And now, Lord Dunmore, the last royal Governor of the State, having quarreled with the Legislature at Williamsburg, took to his ship, the Fowey man of war lying at York, and shortly afterwards, came down to this place with a small fleet, and anchored in the harbour of the town. Many of the officers visited at our house. Among the rest I remember particularly, Mr. Lane, sailing master of Lord Dunmore's ship, and a Mr. Calder, I believe, of one of the vessels under him. The former, especially, was very intimate with us, and when we expressed the fear that our Lord would bombard the town, said to us, "There is no danger of it at present, but when it is decided on, I shall know of it, of course, and give you a hint in time."
Accordingly, a few days after, he told us it was time for us to be moving, and we set about sending all our valuable articles of furniture &c. over to Max Herbert's at the point, where we took a room which he kindly let us have, and to which, we at least retreated ourselves to get out of the way of the balls, leaving a negro woman, old Sarah behind to take care of the house and lot, and look after a sow and pigs which she was raising for herself with great care. Scarcely was this done, when we saw the ships all drawn up in a line before the town, from the upper wharf to town point and heard the drums beating on board of them and presently afterwards they began to fire away on the town about four o'clock in the afternoon (Jan. 1st 1776).
In the midst of the cannonade we saw a small boat rowed by a single man, with another person in it, put off from the Norfolk side, and make for the Point where we were looking on, and could not imagine what could be in it. The enemy soon saw her, too, and concluding, no doubt, that she carried the Mayor, or some other personage of equal consequence, who was trying to make his escape, they dispatched a barge well manned after her. And who were the fugitives? Old Sarah and her sow and pigs. For it seems, being alarmed by the great guns, and trembling for the safety of her darlings, whom she loved as if they had been her own children, she abandoned the care of the property, and was trying to save her bacon in this way. Now, when the British Captain saw what a mistake he had made, and learned moreover, that she belonged to Mr. Maxwell, he ordered the man in the barge to take the prise over to him at the Point. Here, Mr. and Mrs. Herbert, and his sons, seeing the boat coming, and apprehending an attack on the house, armed themselves with their guns and went down to the landing to keep the barge off.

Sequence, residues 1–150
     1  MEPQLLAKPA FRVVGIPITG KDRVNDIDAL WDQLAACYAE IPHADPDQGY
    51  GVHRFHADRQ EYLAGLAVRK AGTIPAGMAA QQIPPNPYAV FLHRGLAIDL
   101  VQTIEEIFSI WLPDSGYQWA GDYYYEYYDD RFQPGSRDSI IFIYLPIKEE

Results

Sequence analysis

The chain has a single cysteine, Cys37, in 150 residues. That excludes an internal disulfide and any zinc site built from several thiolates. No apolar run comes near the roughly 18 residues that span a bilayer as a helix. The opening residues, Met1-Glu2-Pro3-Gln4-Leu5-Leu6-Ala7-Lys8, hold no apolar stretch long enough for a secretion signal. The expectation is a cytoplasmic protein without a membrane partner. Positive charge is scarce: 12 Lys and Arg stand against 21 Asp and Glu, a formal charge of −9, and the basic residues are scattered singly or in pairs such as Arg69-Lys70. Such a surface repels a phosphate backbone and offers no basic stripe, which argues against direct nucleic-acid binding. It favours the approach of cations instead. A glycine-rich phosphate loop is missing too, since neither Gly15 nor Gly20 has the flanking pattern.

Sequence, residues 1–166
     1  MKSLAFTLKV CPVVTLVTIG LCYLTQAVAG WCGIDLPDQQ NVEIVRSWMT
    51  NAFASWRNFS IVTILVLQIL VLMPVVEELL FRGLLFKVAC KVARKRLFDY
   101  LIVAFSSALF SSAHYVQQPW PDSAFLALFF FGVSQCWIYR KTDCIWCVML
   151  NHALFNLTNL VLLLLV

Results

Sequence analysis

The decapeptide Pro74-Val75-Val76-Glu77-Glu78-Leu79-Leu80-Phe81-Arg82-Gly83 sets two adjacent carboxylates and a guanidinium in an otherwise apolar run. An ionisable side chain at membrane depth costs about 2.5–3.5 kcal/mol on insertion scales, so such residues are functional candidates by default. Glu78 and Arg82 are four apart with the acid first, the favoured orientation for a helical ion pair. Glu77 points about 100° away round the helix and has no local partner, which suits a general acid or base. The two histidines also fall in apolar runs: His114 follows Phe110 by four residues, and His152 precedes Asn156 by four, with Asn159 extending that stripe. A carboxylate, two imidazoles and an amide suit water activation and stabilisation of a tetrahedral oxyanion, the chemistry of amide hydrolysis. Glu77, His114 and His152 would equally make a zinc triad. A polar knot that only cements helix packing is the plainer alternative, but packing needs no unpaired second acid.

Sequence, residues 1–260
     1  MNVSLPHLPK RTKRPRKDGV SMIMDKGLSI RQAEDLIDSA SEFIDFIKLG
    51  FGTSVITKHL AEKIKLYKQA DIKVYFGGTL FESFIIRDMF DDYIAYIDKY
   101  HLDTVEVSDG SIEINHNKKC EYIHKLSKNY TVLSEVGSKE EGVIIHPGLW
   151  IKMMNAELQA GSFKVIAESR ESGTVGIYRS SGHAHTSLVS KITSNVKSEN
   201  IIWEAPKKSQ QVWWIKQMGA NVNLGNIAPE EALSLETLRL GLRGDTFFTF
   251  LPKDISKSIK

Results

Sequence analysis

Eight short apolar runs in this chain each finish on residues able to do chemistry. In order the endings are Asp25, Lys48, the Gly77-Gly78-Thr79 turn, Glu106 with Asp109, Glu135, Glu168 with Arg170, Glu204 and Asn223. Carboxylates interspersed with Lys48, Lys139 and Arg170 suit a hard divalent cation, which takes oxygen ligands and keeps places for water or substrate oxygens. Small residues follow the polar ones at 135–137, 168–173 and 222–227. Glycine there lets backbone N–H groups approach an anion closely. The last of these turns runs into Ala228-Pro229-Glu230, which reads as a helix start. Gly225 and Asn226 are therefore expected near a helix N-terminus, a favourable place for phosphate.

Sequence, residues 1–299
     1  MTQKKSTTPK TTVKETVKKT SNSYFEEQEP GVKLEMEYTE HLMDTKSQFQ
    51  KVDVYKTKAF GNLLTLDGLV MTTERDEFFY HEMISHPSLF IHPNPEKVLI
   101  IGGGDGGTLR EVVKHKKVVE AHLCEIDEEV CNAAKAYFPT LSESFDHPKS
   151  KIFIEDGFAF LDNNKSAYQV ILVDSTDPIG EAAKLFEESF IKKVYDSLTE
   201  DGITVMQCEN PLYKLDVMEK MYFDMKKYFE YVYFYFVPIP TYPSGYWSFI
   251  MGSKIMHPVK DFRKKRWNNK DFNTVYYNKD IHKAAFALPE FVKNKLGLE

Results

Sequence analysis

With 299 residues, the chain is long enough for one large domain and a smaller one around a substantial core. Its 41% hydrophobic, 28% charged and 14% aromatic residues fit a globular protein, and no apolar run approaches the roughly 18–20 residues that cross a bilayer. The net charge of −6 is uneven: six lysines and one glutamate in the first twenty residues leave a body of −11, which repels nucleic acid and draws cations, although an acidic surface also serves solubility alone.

This was enough for me. I instantly caught up my daughter Helen in my arms, and taking little Max by the hand, I set off to make my escape with them to another Mr. Herbert's who lived some miles off and where, I thought, I should be more safe. By this time night was coming on, and the roar of the cannon was more and more dreadful in my ears. When I got to the great gate, I met a negro man named Jack belonging to the family, coming home. "Oh, mistress," said he, "where are you going?" "Indeed, Jack," said I, "I can hardly tell you, but I believe I am going to Mr. ...Herbert's though I do not know a step of the way. "Why, mistress," said he, " Mr. ...Herbert lives at least 8 miles off, and I am sure you can never get there this night. But there is a Mrs. Herbert who lives about two miles from here, up the river, and if you will wait a little till I can just go to the house and carry my bag, I will show you the way there, for you will never find it without. "Agreed," said I, and presently Jack was gone and come, and taking up Nelly in his arms, we set off to trudge our way through the wood and marsh, to Mrs. Herbert's.